Eragon Book ReviewBook review of Eragon
Dragon Later this year the last book in the series Heredity will be published.
Review: Christopher Paolini's Eragon | Literature
There have been more than a hundred copies of JRR Tolkien's Lord of the Rings for more than a year. In order to spell "high fantasy," you need a card as a front-ispiece speckled with fictional place names (half of which are broken by an unnecessary apostrophe) and showing a pre-industrial land ruled by a bully (or Dark Lord).
As our heroes search for a way to defeat the Dark Lord, they find associates to join them in the final battle. It is apt to describe a hundred "high fantasies", and it is also a precise summary of Eragon. It is not astonishing that Christopher Paolini was only 15 years old when he written it, so it is not astonishing that the history is very derived.
What is amazing is how often Paolini has wrested the cumbersome stereotypes into a clear and haunting novella. It is particularly good with everything that has to do with the kite Saphira, which Eragon raises from an eggs. Eragon's relation is full of fancy lines, from the minute Eragon erects the boy to explore his gender and the kite object.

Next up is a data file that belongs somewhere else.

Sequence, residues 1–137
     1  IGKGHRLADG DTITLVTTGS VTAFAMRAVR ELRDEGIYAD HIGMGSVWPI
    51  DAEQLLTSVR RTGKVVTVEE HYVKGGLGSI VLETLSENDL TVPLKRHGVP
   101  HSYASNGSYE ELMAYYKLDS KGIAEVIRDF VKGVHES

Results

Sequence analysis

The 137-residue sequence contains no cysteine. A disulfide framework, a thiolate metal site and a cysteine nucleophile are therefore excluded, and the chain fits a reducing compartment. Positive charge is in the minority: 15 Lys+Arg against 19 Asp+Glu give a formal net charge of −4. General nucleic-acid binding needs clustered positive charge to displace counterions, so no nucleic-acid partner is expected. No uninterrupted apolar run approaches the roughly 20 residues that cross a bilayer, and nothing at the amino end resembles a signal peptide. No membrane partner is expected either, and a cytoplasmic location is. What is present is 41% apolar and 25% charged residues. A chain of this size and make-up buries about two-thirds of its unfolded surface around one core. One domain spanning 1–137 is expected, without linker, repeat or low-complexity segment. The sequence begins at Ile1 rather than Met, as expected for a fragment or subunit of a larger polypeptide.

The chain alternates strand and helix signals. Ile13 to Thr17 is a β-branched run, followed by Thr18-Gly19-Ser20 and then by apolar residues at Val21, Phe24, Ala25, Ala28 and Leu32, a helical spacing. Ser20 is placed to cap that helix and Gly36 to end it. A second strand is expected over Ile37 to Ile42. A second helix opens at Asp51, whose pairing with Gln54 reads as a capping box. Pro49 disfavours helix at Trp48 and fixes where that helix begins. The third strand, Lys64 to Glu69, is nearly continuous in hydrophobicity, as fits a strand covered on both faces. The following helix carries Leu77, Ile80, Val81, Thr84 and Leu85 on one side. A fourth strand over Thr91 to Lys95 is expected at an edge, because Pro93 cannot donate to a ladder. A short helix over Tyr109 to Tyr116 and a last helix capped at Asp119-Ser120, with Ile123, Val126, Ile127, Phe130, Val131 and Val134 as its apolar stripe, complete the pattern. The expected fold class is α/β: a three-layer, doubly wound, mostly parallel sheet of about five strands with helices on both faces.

There' s an epoch in which Saphira tries to end up in a storm and is pushed into the sky over and over again - which is exactly what would occur - and the novelty is continued in the kite's progressive evolution from a dependant to a kind of opinionated older sibling and further to an irascibles but faithful one.
The Eragon and his drag on are maturing together, I believe. But, even better, Paolini has reached a representation of the genuine affections between the young man and the kite without ever editing the point, and that shows genuine dexterity. When I see all this, I cannot help but feel that the admiration and advertising that has been piled up on Paolini has done him a great service.
Now he must be under enormous stress to do the same - even up to the 4th and 5th volume of his serial - while he should be abandoned to find out where his true talents are and to evolve them. Nevertheless, Eragon is released for kids, most of whom will encounter this kind of imagination for the first of all.
Paolini is writing like someone who is moved by his own history, so he will also grab his reader. There' are also powerful times when the drake saves Eragon by dragging the rooftop from a barrack, or in depictions of the dwarf authenticity that will sound so clear with such times in the movies of the Lord of the Rings that this weary old style gets a new, juvenile bust.